Courtesy of an article published in Goldsmiths University of London.
Researchers led by Dr Keon West (Department of Psychology) investigated the associations between naturist activity and psychological well-being, as well as the immediate effects of two real naturist events on participants’ life-satisfaction.
The first study – an online survey of some 850 British people of a variety of ages, ethnicities and religions – found that those who spent time naked or partially naked around others (eg. topless sunbathing or taking part in World Naked Cycle Rides), also liked their own bodies more, thought better of themselves, and were more satisfied with their lives overall.
The longer they had been practicing naturism and the more frequently they did it, the happier they were.
The second and third studies took place at a “Bare all for Polar Bears” event at the Yorkshire Wildlife Park (24 participants) and British Naturism’s Waterworld event in Stoke on Trent (100 participants). At both events, participants were assessed just before shedding their clothes and at the end of the event, before they put them back on.
In both cases participants experienced immediate and significant improvements in body-image, self-esteem and life satisfaction.
For decades, research has shown that body image dissatisfaction is a serious, global problem that negatively affects psychological health. Much of it stems from overexposure to “idealised bodies” such as those widely seen in magazines, on television, and increasingly on social media.
Previous research also shows that positive or neutral reactions to one’s own body, and exposure to “non-idealised” bodies (otherwise known as normal people), should counter the negative effects of idealised imagery. Logically, then, naturism – the practice of being naked in the company of non-intimate others – should be good for your body image and self-esteem.
Dr West says:
“The naturists have been saying this for some time. However, despite a lot of positive claims, little to no empirical research has investigated whether naturist activity (rather than attitude or beliefs) actually makes us happier or, just as importantly, why it makes us happier.”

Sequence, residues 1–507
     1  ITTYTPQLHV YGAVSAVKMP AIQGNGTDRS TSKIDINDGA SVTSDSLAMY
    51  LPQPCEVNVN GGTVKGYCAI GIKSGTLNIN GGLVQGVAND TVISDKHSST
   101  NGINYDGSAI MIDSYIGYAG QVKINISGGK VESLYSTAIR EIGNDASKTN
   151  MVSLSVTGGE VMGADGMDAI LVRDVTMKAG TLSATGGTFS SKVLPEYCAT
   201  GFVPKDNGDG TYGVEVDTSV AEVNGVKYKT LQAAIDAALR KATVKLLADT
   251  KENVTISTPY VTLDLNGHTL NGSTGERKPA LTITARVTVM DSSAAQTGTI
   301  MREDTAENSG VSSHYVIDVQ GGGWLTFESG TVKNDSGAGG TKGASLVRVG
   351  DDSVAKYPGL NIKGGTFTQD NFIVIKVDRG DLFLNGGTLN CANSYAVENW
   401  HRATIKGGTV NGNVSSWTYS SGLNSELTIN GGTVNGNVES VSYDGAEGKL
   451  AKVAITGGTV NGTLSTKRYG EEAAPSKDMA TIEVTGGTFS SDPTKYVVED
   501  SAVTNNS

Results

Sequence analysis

Dr West believes that this current research is a good first step, but that there are still many more questions to answer. How exactly does naturism have these positive effects? And do the effects taper off after a certain number of naturist events?
Initial analyses of the data suggests that seeing other people naked is more important than being seen naked yourself. The data also seemed to find that the benefits hit a ceiling after about 20 naturist events a year – further naturist activity beyond this did not appear to make a difference.
Dr West suggests that further research, including longitudinal designs and randomised controlled trials would shed more light on these initial findings. While representation at the two naturist events was diverse, most of the respondents to the first survey were male, most were white, most were straight, and most were middle-aged. While the same effects were found when gender, ethnicity, sexual orientation and age were included as factors in the analyses, Dr West believes it would be useful to conduct research with more diverse populations.
However, this should not detract from the conclusion that naturism appears to have psychological benefits. For a long time many people, even health professionals, assumed that public nudity was a sign of psychological dysfunction. This perception has stuck even though an increasing number of people are now taking part in clothes-free activities.
The findings certainly indicate that naturism appears to have positive effects, not negative ones. As such, Dr West suspects that it could offer a low-cost, widely available solution to the problem of body dissatisfaction. “At the very least”, he concludes, “this is worth investigating”.
Naked and unashamed: Investigations and applications of the effects of naturist activities on body image, self-esteem and life satisfaction by Dr Keon West is published in the Journal of Happiness Studies.